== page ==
Trump to embrace privatization of air traffic control system

Alejandro Massey
June 6, 2017

About 35,000 workers, including 14,000 controllers and 6,000 technicians, would be affected.

New Zealand, the first country to take the privatization route in the late 1980's, saw its air traffic control system go from losing $5.5 million a year to turning a $2.3 million profit in just a year after privatization.

For all the chatter in the media about Trump's uncharitable response to the terrorist attack, what spoke loudest was the blowback against Trump from British politicians of both parties - and the acting American ambassador. And it would mean that air traffic control wouldn't be funded by taxpayers at all.

The Federal Aviation Administration spends almost $10 billion a year on air traffic control funded largely through passenger user fees, and has about 28,000 air traffic control personnel.

Many countries have created government-owned corporations, independent government agencies or quasi-governmental entities. The new entity should honor existing labor agreements but controllers would no longer be federal employees. NavCanada can raise private capital, make long-term financial commitments, and it recently lowered the fees it charges airlines.

President Donald Trump's plan to privatize the nation's air traffic control system was met with starkly contrasting views Monday by two high-profile Houston lawmakers. The Clinton administration proposed spinning off air traffic operations into a government corporation but ran into congressional opposition.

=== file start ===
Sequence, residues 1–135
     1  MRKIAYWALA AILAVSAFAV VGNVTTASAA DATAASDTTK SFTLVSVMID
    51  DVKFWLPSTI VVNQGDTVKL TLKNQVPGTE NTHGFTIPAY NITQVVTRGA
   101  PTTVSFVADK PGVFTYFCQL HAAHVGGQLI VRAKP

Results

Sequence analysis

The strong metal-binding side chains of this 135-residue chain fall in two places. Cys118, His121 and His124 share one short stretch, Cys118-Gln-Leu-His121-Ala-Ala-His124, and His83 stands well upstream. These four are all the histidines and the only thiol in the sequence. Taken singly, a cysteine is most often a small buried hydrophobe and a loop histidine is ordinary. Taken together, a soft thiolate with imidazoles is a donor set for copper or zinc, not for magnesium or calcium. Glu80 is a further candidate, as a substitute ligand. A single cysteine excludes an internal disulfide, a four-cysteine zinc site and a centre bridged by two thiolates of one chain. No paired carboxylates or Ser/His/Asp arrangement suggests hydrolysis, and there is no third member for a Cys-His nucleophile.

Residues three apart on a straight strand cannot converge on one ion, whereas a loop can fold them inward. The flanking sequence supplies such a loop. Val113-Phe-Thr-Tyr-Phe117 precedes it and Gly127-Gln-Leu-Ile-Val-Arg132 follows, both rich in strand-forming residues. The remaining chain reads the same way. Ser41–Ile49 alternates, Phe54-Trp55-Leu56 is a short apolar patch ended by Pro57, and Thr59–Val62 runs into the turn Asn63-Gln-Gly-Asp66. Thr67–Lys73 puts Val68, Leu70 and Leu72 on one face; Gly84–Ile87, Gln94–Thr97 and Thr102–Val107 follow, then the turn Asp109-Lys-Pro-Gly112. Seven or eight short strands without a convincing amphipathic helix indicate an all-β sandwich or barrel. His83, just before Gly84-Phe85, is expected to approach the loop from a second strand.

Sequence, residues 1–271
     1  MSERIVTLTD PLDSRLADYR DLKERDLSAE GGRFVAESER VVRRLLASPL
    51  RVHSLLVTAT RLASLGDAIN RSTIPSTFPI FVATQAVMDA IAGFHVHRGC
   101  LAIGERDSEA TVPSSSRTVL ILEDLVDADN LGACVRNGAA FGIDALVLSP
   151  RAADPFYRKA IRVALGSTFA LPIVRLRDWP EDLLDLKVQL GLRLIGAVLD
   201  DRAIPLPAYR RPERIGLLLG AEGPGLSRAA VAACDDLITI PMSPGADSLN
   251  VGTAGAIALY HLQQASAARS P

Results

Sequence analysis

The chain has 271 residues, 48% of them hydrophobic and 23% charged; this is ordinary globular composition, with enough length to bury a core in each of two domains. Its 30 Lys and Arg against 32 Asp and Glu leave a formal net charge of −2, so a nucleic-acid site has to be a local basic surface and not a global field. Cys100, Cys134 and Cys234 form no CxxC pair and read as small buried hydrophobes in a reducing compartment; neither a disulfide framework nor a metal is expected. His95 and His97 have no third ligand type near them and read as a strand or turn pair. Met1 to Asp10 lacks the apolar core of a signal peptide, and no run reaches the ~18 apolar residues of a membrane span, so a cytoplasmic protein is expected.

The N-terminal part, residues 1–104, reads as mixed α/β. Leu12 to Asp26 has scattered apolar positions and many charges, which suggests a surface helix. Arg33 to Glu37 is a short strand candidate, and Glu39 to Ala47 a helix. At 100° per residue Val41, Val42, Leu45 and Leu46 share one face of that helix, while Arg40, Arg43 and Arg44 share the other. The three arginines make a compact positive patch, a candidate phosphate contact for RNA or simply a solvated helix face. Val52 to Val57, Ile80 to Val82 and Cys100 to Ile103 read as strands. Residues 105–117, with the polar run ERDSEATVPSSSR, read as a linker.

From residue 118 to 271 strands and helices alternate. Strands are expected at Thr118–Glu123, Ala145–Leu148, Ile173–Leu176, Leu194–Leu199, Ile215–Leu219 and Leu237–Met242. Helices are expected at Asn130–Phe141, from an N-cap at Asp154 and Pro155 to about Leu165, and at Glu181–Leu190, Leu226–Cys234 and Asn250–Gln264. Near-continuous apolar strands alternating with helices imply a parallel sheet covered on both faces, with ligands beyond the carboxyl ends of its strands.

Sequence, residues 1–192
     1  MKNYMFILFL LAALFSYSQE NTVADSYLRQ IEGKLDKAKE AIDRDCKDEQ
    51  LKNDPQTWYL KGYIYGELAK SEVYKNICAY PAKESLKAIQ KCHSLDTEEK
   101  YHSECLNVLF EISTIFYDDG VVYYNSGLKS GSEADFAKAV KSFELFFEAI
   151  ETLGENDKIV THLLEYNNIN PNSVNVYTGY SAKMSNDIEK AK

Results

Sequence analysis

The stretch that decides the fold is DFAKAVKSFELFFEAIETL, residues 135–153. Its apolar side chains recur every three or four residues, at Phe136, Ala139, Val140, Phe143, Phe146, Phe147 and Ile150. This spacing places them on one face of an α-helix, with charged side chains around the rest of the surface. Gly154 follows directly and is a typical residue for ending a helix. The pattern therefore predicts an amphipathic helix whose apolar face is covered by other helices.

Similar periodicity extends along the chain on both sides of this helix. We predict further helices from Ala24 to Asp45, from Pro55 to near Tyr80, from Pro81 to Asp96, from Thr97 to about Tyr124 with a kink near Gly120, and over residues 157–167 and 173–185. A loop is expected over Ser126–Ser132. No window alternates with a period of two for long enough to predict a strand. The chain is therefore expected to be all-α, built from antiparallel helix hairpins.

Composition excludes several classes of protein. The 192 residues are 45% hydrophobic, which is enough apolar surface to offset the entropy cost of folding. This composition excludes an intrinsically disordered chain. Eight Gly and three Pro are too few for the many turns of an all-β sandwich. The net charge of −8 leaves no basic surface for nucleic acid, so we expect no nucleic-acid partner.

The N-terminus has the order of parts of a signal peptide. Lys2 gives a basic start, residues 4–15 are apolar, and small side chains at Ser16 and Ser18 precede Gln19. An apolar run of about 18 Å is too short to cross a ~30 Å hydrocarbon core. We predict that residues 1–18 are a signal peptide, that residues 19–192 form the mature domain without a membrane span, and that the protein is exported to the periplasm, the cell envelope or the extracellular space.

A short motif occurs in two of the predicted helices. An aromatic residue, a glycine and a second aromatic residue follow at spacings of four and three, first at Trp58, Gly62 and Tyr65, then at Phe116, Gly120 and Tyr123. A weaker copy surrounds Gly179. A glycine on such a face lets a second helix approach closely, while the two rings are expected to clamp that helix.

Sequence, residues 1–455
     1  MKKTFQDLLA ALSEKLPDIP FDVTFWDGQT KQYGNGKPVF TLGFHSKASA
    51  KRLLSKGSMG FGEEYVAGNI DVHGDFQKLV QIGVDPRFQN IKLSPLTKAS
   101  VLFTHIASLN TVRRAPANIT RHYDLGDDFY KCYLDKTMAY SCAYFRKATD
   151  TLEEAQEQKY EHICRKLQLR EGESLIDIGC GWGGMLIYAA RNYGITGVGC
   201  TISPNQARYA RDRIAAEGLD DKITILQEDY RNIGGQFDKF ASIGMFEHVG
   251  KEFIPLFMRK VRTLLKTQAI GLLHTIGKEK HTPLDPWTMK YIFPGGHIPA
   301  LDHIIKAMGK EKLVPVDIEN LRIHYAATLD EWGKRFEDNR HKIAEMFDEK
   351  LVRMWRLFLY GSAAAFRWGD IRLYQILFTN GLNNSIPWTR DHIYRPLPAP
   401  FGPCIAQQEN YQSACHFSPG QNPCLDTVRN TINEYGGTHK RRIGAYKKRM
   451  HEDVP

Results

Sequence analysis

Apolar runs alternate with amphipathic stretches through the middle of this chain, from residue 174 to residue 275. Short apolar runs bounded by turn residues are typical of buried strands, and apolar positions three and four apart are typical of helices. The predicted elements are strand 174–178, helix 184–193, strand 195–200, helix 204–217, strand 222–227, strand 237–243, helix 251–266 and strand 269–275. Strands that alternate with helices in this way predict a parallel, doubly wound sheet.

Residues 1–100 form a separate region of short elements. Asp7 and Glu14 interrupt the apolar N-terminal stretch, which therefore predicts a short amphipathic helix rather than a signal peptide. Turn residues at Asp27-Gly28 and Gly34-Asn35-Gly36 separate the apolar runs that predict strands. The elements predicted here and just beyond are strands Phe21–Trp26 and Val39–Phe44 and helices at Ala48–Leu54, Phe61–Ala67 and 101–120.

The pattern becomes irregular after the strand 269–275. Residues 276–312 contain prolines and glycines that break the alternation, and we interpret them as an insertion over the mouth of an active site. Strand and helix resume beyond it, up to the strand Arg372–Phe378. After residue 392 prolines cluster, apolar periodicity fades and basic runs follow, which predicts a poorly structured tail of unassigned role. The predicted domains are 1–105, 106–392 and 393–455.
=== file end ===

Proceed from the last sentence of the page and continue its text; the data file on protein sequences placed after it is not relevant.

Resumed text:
The White House event reinforced legislation the House Transportation Committee is developing to assign the FAA's responsibility for ATC to a separate entity, a plan spearheaded by Rep. Bill Shuster (R-Penn.), the committee's chairman. But he couldn't win enough support to bring legislation to the House floor past year, and he faced even greater opposition in the Senate.

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The FAA has defended its NextGen implementation. His campaign for public and private funding for the projects is expected to run from the Rose Garden, where he'll speak about upgrading air traffic control, to OH and Kentucky on inland waterways and through meetings with mayors, governors and Transportation Department officials.

But FAA Administrator Michael Huerta has said the agency has made progress during the past decade in updating its computers and other equipment in order to move from a radar-based to a satellite-based control system. The switch is expected to save time and fuel and lower greenhouse gas emissions. He said that number would grow to $13 billion by 2020 and to $160 billion by 2030.

Houston Democrat Sheila Jackson Lee, former chairwoman of a House transportation security subcommittee, expressed concern.

This in contrast with the FAA's slow and unwieldly procurement process to modernize its systems which, according to one analyst, "virtually ensures that any planned "new" technology will be obsolete by the time it is operational". He has said that the government's ongoing modernization efforts are already obsolete. The FAA would still provide safety oversight. The administration is not sure if the FAA or the proposed private company would be responsible for training future air traffic controllers.

They have also pointed to the unprecedented safety under the current system and noted repeated computer system failures in recent years by USA airlines, questioning whether they are ready to handle complex technology modernizations.

Their union, the National Air Traffic Controllers Association, endorsed Shuster's bill after winning assurances that controller wages, benefits and collective bargaining rights would be protected.

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